First bird flu cases in wildfowl reported in Los Angeles County this year, along with reports from the rest of California
Eddie Gonzales’ family in Santa Susana, California, has had its own brush with the flu.
The 50-year-old farmer was feeling unwell one night after eating at the Redondo Beach restaurant of his employer, Dr. Stephen Taylor, an infectious diseases specialist. The next day, he was dead, with the flu having claimed the life of his wife, children and two employees.
After the shock of the sudden death of his wife and employees faded, Gonzales began to wonder if he had contracted something else. Days after his family’s disappearance, he decided to do a routine blood test.
The results gave Gonzales a diagnosis of bird flu, which at that time had not been discovered in birds in the wild. The virus became known as H5N1, and was later discovered to be a strain of bird flu linked to the 2003 bird flu outbreak in Guangdong, China. In a paper published in the New England Journal of Medicine, the authors from China and the United States concluded that there was a “strong possibility” that it had originated in wild birds along the Pacific coast.
Within days of his diagnosis, Gonzales wrote his own journal article, “Bird H5N1: The California Flu of 2004.” It came out July 27 of last year, three months before the first cases of bird flu were reported in wild species this year in California.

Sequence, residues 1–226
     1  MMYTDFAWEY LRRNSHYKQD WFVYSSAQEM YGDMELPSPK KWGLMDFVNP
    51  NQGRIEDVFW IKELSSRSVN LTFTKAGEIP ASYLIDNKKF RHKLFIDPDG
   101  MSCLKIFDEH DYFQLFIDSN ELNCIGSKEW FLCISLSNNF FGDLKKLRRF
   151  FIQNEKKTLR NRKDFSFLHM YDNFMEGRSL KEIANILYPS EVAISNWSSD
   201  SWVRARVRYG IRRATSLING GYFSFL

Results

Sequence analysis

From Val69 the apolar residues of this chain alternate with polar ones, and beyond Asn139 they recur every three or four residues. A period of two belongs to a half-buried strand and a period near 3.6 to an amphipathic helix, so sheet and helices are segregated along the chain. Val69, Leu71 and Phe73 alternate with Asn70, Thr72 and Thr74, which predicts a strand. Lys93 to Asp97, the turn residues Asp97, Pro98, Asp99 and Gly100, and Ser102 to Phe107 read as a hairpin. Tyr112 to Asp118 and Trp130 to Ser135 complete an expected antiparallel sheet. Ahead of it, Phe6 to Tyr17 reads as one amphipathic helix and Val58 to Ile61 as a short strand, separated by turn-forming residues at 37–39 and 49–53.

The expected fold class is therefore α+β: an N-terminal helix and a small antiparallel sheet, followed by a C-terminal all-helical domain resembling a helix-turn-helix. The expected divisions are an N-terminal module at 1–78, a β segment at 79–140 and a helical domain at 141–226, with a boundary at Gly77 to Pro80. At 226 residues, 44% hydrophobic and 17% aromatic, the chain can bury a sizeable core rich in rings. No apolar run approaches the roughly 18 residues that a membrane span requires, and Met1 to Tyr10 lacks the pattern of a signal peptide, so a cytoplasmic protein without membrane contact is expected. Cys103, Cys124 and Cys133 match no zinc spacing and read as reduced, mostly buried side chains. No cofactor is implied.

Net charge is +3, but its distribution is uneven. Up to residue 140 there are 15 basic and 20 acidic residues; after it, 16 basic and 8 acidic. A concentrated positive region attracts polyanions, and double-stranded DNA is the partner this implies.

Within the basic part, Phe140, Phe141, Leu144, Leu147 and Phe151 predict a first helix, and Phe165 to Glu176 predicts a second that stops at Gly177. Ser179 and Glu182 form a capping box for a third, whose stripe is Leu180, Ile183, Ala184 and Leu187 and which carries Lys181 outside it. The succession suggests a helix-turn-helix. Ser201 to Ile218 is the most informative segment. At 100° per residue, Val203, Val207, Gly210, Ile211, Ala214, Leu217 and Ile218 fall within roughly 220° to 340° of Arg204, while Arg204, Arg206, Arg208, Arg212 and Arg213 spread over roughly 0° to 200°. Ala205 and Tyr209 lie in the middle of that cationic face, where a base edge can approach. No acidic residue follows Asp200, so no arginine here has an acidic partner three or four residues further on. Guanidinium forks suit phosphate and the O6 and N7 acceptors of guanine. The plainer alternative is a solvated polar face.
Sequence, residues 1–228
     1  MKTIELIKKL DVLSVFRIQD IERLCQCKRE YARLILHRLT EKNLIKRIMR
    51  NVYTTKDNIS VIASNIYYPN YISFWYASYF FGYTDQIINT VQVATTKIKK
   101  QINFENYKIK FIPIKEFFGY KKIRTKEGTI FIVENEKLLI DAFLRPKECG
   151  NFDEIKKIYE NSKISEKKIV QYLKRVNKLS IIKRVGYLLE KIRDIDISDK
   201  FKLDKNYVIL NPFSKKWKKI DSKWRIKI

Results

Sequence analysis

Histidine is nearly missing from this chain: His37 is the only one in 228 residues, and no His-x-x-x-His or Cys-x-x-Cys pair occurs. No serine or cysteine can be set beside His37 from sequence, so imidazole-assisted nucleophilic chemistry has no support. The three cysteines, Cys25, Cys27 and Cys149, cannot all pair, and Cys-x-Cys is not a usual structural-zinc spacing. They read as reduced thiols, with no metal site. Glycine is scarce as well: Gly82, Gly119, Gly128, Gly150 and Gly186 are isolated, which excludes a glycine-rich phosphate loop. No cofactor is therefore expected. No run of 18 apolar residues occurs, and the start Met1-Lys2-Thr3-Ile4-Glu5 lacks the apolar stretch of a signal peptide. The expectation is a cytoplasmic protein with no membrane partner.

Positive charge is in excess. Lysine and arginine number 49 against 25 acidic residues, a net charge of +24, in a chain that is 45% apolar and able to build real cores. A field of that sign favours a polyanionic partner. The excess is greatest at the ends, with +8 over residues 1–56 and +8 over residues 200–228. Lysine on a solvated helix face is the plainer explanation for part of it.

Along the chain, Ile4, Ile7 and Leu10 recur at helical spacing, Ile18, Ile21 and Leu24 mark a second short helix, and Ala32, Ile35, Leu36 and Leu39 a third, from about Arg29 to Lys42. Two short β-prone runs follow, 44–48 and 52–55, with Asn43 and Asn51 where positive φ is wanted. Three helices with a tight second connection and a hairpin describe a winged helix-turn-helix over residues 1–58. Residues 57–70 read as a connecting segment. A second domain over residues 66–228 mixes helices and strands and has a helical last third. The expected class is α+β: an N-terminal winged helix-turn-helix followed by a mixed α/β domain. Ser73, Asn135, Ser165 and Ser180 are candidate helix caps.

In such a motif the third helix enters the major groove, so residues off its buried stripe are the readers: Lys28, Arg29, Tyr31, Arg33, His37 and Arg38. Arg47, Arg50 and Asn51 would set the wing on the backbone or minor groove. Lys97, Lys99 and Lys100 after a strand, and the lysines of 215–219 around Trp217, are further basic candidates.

“I didn’t know how much information the public had,” said Gonzales. “But when your own relatives, friends and co-workers die from that virus,” then, “I thought maybe there might be some information out there.”
On Sunday, Gonzales’ wife, Maria, died from the flu.
California has seen a number of influenza-like illnesses, beginning in late March with some of the first cases of H1N1, according to the California Department of Public Health’s Office of Public Health Preparedness and Response.
The cases of H1N1 occurred in the far northern reaches of Los Angeles County, near the Oregon border. The first of those cases was in a man visiting friends north of Santa Monica. It was reported on March 27, and the cases of H1N1 have been sporadic along that coast and elsewhere, with one documented case in August. The first confirmed